An insightful book inspired by the author’s own experience and a must read for anyone curious about how our lives are intimately tied to eating. The novel is about Anna, a woman with anorexia admitted to an eating disorder treatment facility at 17 Swann Street in St. Louis, where she must battle her anxiety and guilt over food. She gains insight and strength from the other girls at the facility who ultimately show her how much she has to live for. The characters leap off the page, and the first thing you will want to do is pass it on and then re-examine all your thoughts about food.

Finding Dorothy, by Elizabeth Letts

Maud Gage Baum, widow of the author of the book The Wonderful Wizard of Oz, met Judy Garland, the young actress playing the role of Dorothy, on the set of The Wizard of Oz in 1939. At the time, Maud was 78 and Judy was 16 and, in spite of their age difference, Maud immediately connected with Judy. This wonderfully evocative story recreates Maud’s youth as the rebellious daughter of a leading suffragette, the prairie years of the couple’s early days that would inspire Frank’s masterpiece, and the high-pressure atmosphere on the The Wizard of Oz film set in 1939 where Judy is badgered by the director, producer and her ambitious stage mother to lose weight, bind her breasts, laugh, cry and act terrified on command. As Maud had promised to protect the original Dorothy, she takes on the job of protecting young Judy.


Wild Bill: The True Story of the American Frontier’s First Gunfighter, by Tom Clavin

In July 1865, “Wild Bill” Hickok won a quick-draw duel creating the reputation that made him a marked man to every gunslinger in the Wild West. James Butler Hickok was known across the frontier as a soldier, Union spy, scout, lawman, gunfighter, gambler, showman and actor. He crossed paths with Gen. George Armstrong Custer and Buffalo Bill Cody, as well as Ben Thompson and other young toughs. The ladies’ man married his true love, Agnes Lake, the impresario of a traveling circus, although he was buried next to the fabled frontierswoman Calamity Jane. The legend of Wild Bill has only grown since his death in 1876. Clavin has sifted through years of Western lore to bring Hickok fully to life in this rip-roaring, spellbinding true story.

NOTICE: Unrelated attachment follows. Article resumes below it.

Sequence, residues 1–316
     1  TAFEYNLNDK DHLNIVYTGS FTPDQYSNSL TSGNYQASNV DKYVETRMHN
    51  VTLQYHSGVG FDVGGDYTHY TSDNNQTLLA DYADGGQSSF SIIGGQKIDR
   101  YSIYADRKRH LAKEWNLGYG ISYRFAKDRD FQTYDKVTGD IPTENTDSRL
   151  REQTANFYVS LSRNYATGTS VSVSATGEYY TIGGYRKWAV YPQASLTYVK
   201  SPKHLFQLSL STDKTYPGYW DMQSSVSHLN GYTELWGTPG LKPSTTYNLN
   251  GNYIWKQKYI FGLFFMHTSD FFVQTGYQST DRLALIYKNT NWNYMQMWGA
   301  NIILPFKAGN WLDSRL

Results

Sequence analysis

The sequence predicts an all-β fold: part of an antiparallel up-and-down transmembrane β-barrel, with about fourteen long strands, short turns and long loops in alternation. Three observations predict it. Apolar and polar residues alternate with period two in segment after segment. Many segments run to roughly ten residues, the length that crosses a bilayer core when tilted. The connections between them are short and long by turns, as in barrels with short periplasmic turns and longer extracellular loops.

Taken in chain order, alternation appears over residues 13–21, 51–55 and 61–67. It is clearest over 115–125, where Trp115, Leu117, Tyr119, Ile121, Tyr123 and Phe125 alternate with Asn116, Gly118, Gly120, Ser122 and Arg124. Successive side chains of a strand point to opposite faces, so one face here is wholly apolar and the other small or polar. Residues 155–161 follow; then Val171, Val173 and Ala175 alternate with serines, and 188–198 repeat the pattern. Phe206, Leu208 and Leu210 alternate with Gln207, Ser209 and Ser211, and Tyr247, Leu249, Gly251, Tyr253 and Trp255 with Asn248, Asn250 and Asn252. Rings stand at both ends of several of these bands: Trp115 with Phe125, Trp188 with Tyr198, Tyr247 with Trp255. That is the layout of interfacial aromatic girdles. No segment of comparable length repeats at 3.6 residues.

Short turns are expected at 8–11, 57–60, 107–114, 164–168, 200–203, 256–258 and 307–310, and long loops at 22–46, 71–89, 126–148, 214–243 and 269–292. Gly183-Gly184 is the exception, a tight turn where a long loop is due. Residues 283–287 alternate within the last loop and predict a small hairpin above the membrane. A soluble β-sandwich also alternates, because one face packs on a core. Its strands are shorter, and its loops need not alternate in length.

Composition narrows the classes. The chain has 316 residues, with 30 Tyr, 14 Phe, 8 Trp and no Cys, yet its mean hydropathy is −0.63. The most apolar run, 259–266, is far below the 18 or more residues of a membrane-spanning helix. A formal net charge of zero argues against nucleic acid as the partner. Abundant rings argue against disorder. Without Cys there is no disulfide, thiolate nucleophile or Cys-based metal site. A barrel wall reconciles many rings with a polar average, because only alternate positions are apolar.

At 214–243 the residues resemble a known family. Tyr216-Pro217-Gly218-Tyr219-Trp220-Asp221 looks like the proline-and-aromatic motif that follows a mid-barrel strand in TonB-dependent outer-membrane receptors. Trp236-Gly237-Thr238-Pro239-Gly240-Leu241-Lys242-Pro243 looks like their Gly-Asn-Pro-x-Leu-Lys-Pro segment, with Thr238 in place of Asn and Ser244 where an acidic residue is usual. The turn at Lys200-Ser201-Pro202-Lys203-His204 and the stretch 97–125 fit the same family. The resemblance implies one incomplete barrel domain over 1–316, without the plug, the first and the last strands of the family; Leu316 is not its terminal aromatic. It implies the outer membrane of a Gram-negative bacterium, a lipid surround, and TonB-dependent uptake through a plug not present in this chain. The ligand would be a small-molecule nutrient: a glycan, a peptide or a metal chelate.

Ten Rules of the Birthday Wish, by Beth Ferry

Birthdays? We all have them. Wishes? We all make them! But some birthday wishers are unaware of the rules for birthday wishes. Rules? Oh yes, rules! Ten very specific rules, actually. Just be sure to learn them all before blowing out that next set of candles. (Ages 4-7.)

You Make Me Happy, by Smriti Prasadam-Halls

Whether singing together, climbing trees or just spending time enjoying the world, those we want to be with the most are the ones that make us the happiest. This adorable little book is the perfect Valentine’s gift for that special someone who just makes the world a little bit brighter. (Ages 2-5.)

Dragon Ghosts, by Lisa McMann

The third book in the The Unwanteds Quests series, Dragon Ghosts is a stand-alone companion to the best-selling and award-winning series about kids whose creative abilities give them magical powers. Dragon Ghosts features identical twins Fifer and Thisbe Stowe, who are naturally gifted magicians. Circumstances have left them searching for each other while dealing with their own perils in this exciting story dubbed The Hunger Games meets Harry Potter. Author Lisa McMann will be at the Country Bookshop at 4 p.m. on Friday, February 8th. The event is free. (Ages 9-13.)

A Circle of Elephants, by Eric Dinerstein

Nandu lives in the Royal Elephant Breeding Center, where elephants and rhinos are protected for the king, and where everyone struggles with rhino poaching, drought, earthquakes and wild herds of invading animals. Animal lovers will revel in Dinerstein’s poetic writing and enjoy this look into Nandu’s amazing world in this companion novel to his award-winning What Elephants Know. (Ages 10-14.)  PS

Compiled by Kimberly Daniels Taws and Angie Tally